6- Cho Oyu, Nepal

Mark Horrell [CC BY-SA 3.0], via Wikimedia Commons
Cho Oyu, which translates to  Turquoise Goddess in Tibetan, is located on the Nepal and Tibet border. It has the elevation of 8,188 meters above sea level. Its first ascent was completed in 1954. Though it is one of the top 10 highest mountains in the world, it is much easier to climb than other “eight thousanders” due to its moderate slopes and accessibility.

5- Makalu, Nepal

Ben Tubby [CC BY 2.0], via Wikimedia Commons
Just like Cho Oyu, Makalu is part of the Mahalangur Himalayan range in Nepal. It’s only about 20 kilometers southeast of the might Mount Everest. It is known for its peculiar four-sided pyramid shape. Makalu was first ascended in 1955 by French mountaineers Lionel Terray and Jean Couzy. It is incredibly risky and difficult to climb due to the knife-edge ridges in the latter stages of the ascent.

4- Lhotse, Nepal

crazy777 / Pixabay

Lhotse is the fourth highest mountain with an elevation of 8,516 meters. It is part of the Everest massif and is located on the Nepal and Tibet border. It was first ascended in 1956 by Swiss mountaineers Ernst Reiss and Fritz Luchsinger, but one of its subsidiary peaks Lhotse Middle (8,410 meters) wasn’t climbed on until 2001. The Middle’s tower-like shape made it difficult to climb.

3- Kangchenjunga, Nepal / India

Johannes Bahrdt [CC BY-SA 4.0], from Wikimedia Commons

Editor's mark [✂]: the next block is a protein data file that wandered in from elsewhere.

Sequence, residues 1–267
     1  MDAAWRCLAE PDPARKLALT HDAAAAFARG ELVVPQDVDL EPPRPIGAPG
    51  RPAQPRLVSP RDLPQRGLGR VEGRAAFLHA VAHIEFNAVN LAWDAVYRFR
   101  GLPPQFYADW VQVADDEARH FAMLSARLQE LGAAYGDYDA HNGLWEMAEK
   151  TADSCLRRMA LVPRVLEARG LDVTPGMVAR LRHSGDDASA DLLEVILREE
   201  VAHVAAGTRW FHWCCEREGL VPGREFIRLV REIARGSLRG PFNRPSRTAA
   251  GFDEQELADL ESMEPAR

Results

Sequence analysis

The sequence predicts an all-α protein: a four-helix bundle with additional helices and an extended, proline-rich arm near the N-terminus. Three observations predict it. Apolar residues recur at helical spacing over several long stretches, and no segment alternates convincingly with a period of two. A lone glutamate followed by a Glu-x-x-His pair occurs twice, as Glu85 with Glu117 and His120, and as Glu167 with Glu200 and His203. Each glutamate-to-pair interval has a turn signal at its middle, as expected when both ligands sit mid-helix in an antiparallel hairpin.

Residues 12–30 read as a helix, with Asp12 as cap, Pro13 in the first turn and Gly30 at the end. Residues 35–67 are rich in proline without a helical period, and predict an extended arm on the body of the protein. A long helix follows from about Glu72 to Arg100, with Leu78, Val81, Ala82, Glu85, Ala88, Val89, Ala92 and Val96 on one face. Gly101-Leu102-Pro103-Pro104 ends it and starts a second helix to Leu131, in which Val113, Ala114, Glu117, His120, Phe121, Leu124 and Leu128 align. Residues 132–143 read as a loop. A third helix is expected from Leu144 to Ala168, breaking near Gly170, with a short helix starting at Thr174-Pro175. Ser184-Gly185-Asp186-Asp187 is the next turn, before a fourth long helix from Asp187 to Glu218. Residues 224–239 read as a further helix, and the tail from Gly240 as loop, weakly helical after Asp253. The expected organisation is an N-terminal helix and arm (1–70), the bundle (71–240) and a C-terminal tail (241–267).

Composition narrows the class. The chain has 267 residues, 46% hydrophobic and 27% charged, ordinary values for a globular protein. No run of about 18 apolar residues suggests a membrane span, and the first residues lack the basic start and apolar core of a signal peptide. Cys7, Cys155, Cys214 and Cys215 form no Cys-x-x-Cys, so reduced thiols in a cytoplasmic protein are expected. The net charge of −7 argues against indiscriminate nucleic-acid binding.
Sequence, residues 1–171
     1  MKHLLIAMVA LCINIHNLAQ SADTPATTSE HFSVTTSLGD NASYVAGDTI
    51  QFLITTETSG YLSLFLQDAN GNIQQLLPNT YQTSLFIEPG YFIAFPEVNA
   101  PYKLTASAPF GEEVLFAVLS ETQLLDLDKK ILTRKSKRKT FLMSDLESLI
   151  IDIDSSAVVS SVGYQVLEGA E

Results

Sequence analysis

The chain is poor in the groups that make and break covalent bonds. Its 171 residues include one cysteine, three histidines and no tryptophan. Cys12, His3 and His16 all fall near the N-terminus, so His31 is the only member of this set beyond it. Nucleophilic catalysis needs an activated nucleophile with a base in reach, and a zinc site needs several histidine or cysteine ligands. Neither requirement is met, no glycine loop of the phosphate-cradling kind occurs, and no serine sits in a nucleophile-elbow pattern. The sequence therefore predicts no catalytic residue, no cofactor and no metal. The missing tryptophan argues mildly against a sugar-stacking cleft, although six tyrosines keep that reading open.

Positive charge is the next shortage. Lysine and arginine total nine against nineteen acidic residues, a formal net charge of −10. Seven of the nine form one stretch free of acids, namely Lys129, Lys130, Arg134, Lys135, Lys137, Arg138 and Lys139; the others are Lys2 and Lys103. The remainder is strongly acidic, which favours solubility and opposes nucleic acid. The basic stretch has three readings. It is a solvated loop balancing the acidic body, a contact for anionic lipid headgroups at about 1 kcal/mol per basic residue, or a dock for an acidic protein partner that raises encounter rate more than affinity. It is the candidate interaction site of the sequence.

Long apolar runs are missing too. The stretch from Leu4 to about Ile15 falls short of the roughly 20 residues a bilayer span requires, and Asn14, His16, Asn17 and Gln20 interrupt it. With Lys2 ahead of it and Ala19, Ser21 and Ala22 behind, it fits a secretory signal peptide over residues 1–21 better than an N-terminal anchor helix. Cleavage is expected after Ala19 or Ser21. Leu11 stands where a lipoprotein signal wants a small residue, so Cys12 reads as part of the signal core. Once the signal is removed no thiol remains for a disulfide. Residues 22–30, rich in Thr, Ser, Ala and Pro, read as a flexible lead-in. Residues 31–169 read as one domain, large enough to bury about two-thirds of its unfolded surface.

Kangchenjunga has a difficult to pronounce name, and it is equally difficult to summit. Located about 80 miles from Mount Everest on the border of Nepal and Indian state of Sikkim, Kangchenjunga has an elevation of 8,586 meters. It was first ascended in 1955 by Joe Brown and George Brand. There is a tradition among mountaineers to stop just a few meters short of the summit when ascending the Kangchenjunga. That’s because the first two mountaineers had promised to Nepal’s monarchs that the mountain’s peak would always remain pure.

2- K2 / Godwin Austen, Pakistan

Svy123 [GFDL or CC BY 3.0], from Wikimedia Commons
K2, also known as Godwin Austen or Chhogori, is located on the border between Pakistan and China. Mountaineers usually attempt to climb it from the Pakistani side because the Chinese side is far more dangerous. K2 has an elevation of 8,611 meters. It has the second highest fatality rate in the world, right behind Annapurna in Nepal. About 25% mountaineers who have attempted to climb K2 have lost their lives. It got its name in 1852 with “K” designating Karakoram Range and “2” was added because it was the second peak listed by British surveyor TG Montgomerie.

1- Mount Everest, Nepal

Mount Everest
skeeze / Pixabay

Mount Everest with an elevation of 8,848 meters is the highest mountain in the world. It is located on the border of Nepal and Tibet. It is also known as Sagarmatha. Sir Edmund Hillary and Sherpa Tenzing Norgay were the first to summit Mount Everest in 1953. According to some estimates, there are more than 200 dead bodies on Mount Everest. All of them are surprisingly well preserved because of the freezing cold temperature up there. Despite being the tallest mountain the world, it is easier to climb than many others in this list.